This question is being left open with a request for more detail, so I’ll try to fill in the gaps of Patrick Klug’s answer. He suggested, reasonably, that you transmit both the current position and the current velocity at each time point.

Since two position and two velocity measurements give a system of four equations, it enables us to solve for a system of four unknowns, namely a cubic spline (which has four coefficients, *a*, *b*, *c* and *d*). In order for this spline to be smooth, the first and second derivatives (velocity and acceleration) should be equal at the endpoints. There are two standard, equivalent ways of calculating this: Hermite splines (https://en.wikipedia.org/wiki/Cubic_Hermite_spline) and Bézier splines (http://mathfaculty.fullerton.edu/mathews/n2003/BezierCurveMod.html). For a two-dimensional problem such as this, I suggested separating variables and finding splines for both *x* and *y* based on the tangent data in the updates, which is called a clamped piecewise cubic Hermite spline. This has several advantages over the splines in the link above, such as cardinal splines, which do not take advantage of that information. The locations and velocities at the control points will match, you can interpolate up to the last update rather than the one before, and you can apply this method just as easily to polar coordinates if the game world is inherently polar like Space wars. (Another approach sometimes used for periodic data is to perform a FFT and do trigonometric interpolation in the frequency domain, but that doesn’t sound applicable here.)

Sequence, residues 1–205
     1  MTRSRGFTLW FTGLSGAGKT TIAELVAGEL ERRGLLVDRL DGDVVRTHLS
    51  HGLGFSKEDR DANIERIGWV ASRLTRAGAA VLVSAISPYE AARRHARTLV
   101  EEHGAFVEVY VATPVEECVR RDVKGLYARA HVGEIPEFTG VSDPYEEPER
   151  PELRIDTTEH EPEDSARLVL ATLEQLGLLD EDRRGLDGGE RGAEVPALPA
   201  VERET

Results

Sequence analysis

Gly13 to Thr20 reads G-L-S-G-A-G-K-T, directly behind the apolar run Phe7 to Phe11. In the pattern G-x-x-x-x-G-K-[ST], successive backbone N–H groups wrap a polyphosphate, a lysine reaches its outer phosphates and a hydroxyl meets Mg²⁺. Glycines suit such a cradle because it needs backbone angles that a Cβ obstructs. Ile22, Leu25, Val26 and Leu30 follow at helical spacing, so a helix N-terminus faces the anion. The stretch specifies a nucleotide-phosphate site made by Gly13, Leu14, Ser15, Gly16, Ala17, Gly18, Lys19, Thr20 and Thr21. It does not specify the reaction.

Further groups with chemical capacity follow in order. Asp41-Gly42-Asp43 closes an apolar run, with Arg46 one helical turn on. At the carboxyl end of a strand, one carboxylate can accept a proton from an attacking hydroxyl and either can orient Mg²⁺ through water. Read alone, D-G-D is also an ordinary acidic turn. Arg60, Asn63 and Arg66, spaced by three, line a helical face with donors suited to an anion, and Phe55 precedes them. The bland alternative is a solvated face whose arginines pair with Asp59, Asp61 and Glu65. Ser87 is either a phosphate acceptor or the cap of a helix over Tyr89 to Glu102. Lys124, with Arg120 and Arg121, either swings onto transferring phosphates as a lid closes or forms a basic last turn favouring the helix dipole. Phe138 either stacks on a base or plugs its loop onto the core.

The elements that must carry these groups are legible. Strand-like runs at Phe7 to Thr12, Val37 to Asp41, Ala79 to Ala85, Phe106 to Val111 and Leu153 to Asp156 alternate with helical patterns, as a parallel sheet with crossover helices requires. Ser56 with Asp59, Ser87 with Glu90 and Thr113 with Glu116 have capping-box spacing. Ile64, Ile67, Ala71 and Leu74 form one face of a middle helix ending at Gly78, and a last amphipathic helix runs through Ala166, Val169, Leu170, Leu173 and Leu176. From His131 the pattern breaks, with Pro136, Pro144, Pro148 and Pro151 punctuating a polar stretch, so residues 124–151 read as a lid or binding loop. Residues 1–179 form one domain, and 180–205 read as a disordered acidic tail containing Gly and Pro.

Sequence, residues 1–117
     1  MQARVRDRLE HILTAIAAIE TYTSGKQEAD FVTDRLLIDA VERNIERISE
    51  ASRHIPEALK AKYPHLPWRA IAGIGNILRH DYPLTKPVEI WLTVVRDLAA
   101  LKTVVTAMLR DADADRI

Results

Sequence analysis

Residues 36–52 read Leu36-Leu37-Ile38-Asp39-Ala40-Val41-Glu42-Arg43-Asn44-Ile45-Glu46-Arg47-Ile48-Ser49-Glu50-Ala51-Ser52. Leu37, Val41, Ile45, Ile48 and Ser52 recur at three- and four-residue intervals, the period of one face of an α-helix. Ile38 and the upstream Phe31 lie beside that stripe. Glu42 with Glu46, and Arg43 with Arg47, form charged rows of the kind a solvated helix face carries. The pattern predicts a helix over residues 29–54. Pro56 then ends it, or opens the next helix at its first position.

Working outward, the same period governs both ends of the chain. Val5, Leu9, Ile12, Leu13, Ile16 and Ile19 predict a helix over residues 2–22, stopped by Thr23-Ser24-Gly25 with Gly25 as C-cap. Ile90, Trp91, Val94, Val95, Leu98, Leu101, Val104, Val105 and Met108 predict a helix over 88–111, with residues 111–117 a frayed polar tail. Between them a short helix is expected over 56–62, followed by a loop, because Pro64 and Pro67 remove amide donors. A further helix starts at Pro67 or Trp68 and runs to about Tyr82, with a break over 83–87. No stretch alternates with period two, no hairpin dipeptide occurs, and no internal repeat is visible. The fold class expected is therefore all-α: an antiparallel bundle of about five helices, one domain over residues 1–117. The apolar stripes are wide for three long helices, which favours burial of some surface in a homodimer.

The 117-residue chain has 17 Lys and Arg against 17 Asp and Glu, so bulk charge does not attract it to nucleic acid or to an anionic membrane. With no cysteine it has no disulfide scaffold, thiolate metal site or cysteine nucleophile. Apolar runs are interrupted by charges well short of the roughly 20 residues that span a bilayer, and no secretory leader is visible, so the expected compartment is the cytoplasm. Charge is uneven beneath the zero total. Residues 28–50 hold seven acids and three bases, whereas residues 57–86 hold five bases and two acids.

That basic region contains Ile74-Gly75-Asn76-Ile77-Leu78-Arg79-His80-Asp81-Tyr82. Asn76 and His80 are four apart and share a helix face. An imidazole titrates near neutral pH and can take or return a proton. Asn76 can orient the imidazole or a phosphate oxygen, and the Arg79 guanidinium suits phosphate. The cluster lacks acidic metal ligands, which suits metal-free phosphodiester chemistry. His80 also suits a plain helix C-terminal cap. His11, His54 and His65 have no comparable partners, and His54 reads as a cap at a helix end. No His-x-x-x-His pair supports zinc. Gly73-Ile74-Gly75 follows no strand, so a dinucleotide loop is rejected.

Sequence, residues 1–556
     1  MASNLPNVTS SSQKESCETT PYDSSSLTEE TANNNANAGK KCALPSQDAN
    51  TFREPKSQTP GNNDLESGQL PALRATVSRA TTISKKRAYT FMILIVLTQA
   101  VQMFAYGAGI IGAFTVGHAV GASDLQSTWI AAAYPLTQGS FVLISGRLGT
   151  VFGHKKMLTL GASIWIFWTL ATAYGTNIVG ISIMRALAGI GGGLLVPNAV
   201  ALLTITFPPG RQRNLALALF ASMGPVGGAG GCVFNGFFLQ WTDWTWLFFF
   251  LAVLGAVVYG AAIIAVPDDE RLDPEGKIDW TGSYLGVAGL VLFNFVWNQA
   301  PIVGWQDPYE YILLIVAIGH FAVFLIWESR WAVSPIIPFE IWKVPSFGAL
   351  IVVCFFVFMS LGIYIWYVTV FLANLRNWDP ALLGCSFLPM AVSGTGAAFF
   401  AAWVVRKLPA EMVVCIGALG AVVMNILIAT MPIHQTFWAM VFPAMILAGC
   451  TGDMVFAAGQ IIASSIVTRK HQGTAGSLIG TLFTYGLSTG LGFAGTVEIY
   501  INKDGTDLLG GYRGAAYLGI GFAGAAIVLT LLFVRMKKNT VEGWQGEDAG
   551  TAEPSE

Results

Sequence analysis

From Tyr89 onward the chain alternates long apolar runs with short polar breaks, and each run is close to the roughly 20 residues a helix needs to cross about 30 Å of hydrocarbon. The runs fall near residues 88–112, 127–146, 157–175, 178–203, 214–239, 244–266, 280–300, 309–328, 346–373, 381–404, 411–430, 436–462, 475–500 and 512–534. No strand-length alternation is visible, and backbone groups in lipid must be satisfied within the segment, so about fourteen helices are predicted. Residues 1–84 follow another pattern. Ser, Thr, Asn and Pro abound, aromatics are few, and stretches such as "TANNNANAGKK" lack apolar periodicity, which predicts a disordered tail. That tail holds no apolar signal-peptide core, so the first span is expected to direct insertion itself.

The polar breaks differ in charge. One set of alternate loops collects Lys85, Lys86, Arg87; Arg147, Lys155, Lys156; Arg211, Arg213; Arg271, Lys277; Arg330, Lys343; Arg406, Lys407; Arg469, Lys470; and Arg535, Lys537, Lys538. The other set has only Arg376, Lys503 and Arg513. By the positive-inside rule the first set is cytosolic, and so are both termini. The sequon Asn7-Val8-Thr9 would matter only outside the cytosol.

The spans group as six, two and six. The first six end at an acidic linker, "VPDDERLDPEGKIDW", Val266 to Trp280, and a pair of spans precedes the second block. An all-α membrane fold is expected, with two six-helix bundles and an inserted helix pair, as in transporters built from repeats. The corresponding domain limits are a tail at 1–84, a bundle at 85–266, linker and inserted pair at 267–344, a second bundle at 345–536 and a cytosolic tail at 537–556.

What originally appeared here was a derivation of the Hermite spline using linear algebra in a somewhat unusual way that (unless I made a mistake entering it) would have worked. However, the comments convinced me it would be more helpful to give the standard names for what I was talking about. If you are interested in the mathematical details of how and why this works, this is a better explanation: https://math.stackexchange.com/questions/62360/natural-cubic-splines-vs-piecewise-hermite-splines

A better algorithm than the one I gave is to represent the sample points and first derivatives as a tridiagonal matrix that, multiplied by a column vector of coefficients, produces the boundary conditions, and solve for the coefficients. An alternative is to add control points to a Bézier curve where the tangent lines at the sampled points intersect and on the tangent lines at the endpoints. Both methods produce the same, unique, smooth cubic spline.

One situation you might be able to avoid if you were choosing the points rather than receiving updates is if you get a bad sample of points. You can’t, for example, intersect parallel tangent lines, or tell what happened if it’s back in the same place with a nonzero first derivative. You’d never choose those points for a piecewise spline, but you might get them if an object made a swerve between updates.

If my computer weren’t broken right now, here is where I would put fancy graphics like the ones I posted to TeX.SX. Unfortunately, I have to bow out of those for now.

Is this better than straight linear interpolation? Definitely: linear interpolation will get you straight- line paths, quadratic splines won't be smooth, and higher-order polynomials will likely be overfitted. Cubic splines are the standard way to solve that problem.

Are they better for extrapolation, where you try to predict where a game object will go? Possibly not: this way, you’re assuming that a player who’s accelerating will keep accelerating, rather than that they will immediately stop accelerating, and that could put you much further off. However, the time between updates should be short, so you shouldn’t get too far off.

Finally, you might make things a lot easier on yourself by programming in a bit more conservation of momentum. If there’s a limit to how quickly objects can turn, accelerate or decelerate, their paths will not be able to diverge as much from where you predict based on their last positions and velocities.